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Op-Ed: Trump seriously needs to keep it together in Saudi Arabia

Jake Novak
Our live blog is tracking reaction as the U.S. president continues on his whirlwind international tour.

With a special counsel investigation into the Trump administration marring the president's still young tenure, it can be easy to look at his trip to the Middle East as some form of a distraction. But if Trump can exercise discipline and stick to the script, the trip could help prove that he and his team can execute a complicated and vital policy agenda.

And that's why it's starting in Saudi Arabia, where the stakes are highest. Under the Obama administration, Saudi Arabia was severely undermined in its longstanding conflict with its arch enemy Iran. Trump is going to try to reverse that.

It's not that Saudi Arabia wasn't due for a fall. Even in the years after 9/11, the Saudis remained either the world's top or second-biggest funding source for Islamic terrorism and jihadist propaganda. One of the fiercest critics in recent years was Donald Trump himself. Trump posted on Facebook last year that Saudi Arabia wants "women as slaves and to kill gays." And during one political debate with Hillary Clinton he said the Saudis were "people that push gays off buildings" and "kill women."

But here's the thing: Iran is worse. And by signing an agreement that gave Tehran a path to nuclear weapons and enriched the Ayatollahs to the tune of more than $100 billion, the Obama administration has made things worse in the strife-ridden region.

ISIS is also worse. And while some experts believe Saudi Arabia was at least unintentionally responsible for the rise of ISIS, the country has made very obvious efforts to fight the terrorist regime since 2014. Iran is fighting ISIS too, but the Trump administration obviously feels more comfortable working with the Saudis against that enemy.

The silver lining is that some other traditional foes in the Middle East are now banding together. One of the worst-kept secrets over the past two to three years is that Israel and the Saudis have been co-operating in efforts to fight ISIS and defend themselves against Iranian aggression. For the Saudis, this makes practical sense. As much as the Saudis may hate Israel, they fear Iran and ISIS more. "The enemy of my enemy is my friend" is a major theme here.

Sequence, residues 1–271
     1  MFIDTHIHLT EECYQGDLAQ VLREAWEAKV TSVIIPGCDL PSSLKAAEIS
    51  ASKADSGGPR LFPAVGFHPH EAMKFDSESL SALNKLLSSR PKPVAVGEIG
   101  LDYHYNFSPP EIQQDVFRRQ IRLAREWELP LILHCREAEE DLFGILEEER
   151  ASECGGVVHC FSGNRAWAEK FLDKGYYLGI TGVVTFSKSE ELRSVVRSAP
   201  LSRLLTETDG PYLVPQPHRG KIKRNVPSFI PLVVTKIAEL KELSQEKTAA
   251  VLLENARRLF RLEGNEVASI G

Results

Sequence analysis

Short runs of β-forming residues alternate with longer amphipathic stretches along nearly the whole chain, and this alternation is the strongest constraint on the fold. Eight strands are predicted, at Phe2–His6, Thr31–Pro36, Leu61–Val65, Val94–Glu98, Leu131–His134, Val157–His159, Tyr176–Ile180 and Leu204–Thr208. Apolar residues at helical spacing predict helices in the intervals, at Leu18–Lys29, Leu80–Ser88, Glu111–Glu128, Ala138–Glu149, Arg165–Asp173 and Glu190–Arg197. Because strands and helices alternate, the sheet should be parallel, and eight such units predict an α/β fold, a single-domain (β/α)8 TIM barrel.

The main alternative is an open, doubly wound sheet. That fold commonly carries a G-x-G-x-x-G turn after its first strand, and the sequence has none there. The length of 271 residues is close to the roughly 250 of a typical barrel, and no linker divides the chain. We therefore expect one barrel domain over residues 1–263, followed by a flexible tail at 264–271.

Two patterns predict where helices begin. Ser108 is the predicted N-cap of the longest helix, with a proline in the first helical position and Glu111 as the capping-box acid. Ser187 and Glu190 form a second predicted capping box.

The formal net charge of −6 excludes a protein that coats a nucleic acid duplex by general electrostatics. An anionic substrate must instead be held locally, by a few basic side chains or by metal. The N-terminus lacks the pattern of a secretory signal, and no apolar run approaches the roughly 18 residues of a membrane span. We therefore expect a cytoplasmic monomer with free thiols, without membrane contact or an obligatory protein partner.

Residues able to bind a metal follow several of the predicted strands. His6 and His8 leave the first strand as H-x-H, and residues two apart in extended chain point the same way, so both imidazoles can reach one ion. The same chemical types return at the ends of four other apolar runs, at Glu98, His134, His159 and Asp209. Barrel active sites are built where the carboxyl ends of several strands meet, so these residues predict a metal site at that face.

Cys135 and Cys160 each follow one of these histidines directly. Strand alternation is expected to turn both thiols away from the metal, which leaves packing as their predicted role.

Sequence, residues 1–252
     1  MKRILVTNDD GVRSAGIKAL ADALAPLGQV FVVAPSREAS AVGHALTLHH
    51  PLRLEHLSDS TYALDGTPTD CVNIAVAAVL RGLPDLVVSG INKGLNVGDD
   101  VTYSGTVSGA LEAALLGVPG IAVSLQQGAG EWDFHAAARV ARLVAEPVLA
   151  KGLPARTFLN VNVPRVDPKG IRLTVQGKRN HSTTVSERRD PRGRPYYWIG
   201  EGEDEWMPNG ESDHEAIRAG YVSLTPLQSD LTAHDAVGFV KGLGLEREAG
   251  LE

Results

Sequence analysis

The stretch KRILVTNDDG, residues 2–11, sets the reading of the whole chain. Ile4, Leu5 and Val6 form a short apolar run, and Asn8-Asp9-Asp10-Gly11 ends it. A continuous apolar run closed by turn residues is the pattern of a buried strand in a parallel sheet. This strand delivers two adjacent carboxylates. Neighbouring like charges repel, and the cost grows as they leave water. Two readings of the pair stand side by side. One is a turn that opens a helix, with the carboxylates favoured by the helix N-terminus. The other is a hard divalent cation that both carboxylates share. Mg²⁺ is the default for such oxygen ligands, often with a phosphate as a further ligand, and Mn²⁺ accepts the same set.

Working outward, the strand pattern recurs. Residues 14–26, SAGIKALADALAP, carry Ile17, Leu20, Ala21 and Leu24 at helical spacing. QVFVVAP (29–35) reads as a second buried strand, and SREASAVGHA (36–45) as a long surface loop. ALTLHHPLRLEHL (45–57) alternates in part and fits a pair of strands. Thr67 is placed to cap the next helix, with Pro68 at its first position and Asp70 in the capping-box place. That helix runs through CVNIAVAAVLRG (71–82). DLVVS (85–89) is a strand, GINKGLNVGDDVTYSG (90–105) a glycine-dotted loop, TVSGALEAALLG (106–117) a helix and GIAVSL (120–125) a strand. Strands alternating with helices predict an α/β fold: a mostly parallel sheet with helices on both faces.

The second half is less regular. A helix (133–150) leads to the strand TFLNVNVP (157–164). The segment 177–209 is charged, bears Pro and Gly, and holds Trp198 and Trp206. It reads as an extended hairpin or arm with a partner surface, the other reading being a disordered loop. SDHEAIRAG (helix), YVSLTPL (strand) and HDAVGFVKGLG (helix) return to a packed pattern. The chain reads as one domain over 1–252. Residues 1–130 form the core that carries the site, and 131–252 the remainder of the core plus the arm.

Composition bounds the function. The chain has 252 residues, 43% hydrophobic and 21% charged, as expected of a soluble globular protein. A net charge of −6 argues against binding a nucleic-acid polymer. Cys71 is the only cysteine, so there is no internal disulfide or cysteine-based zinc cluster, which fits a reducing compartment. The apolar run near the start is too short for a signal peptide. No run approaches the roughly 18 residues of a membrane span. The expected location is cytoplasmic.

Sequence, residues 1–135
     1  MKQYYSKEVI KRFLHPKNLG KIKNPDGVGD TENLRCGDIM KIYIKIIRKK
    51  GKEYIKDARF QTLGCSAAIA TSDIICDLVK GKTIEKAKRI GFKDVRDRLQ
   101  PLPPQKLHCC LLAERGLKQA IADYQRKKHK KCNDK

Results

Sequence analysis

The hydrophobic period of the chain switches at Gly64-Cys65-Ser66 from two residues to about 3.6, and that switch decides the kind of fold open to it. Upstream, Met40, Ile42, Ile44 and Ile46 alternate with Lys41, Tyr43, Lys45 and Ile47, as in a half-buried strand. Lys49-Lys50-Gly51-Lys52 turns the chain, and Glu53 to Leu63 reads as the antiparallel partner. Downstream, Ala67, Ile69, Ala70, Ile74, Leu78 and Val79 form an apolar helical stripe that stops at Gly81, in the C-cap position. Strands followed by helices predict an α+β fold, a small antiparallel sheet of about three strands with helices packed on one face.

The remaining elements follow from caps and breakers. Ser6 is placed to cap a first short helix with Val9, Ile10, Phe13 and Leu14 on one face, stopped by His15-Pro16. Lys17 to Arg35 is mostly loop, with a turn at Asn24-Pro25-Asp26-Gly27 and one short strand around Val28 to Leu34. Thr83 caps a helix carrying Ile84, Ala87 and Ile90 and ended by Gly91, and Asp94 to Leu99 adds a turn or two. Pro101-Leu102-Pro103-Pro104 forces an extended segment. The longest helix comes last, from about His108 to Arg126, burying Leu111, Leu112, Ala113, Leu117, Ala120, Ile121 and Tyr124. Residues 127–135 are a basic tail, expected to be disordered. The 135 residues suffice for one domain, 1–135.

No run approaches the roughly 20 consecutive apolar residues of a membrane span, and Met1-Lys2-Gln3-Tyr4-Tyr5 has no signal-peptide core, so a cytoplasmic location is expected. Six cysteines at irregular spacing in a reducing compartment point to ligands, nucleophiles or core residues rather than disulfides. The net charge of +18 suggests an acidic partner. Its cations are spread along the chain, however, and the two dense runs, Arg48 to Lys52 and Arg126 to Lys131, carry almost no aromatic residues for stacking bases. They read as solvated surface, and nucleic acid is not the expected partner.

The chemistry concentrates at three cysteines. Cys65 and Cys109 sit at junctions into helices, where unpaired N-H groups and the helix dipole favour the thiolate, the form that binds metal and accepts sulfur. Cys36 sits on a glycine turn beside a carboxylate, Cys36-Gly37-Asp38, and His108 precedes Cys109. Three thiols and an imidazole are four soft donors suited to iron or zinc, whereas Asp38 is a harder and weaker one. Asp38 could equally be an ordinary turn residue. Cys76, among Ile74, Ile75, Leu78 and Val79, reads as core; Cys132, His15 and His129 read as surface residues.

Enter President Trump who is unlikely to retract his earlier attacks on Saudi Arabia, but is appears willing to make amends with Riyadh and use a strengthened relationship as leverage against the Iranians and ISIS.

He's expected to formally announce a massive $300 billion arms sale to the Saudis that includes a Terminal High Altitude Area Defense (THAAD) anti-ballistic missile system, littoral combat ships designed to fight in shallow water close to shore, and precision guided munitions designed to limit civilian casualties.

Much of the deal was actually put together by the Obama administration, but put on hold last year. Now, President Trump can take credit for being the savior in what was a deteriorating relationship.

President Trump can't realistically hope for an immediate boost in the polls or any real respite from his critics at home. But he can get a significant shot in the arm internationally as he plays the role of deal maker and promoter of a wider peace. The religious imagery of the trip in total is also a powerful statement to much of his base, as he will follow his visit to Saudi Arabia with a stop in Israel and then the Vatican.

But Trump must avoid stumbles and scandals, which could make this trip about him and not about new policy. The Trump team is making a choice of the lesser of two evils, and that's not always an easy argument to make. The good news is that with the Israelis doing the same thing, Trump has some decent strategic and diplomatic backup on this one. The Saudis are making a similar tough choice by ignoring Trump's past rhetoric and polls that show that most Saudi people believe the president is "anti-Muslim."

One of the most serious criticisms of President Trump is not that his policies are bad, but that he has no comprehensive and consistent policies at all. With this trip beginning in Saudi Arabia with a $300 billion deal in tow and a clear message for the Iranians, the White House can start to answer that criticism with more than just lip service.

Commentary by Jake Novak, senior columnist. Follow him on Twitter @jakejakeny .

For more insight from CNBC contributors, follow @CNBCopinion on Twitter.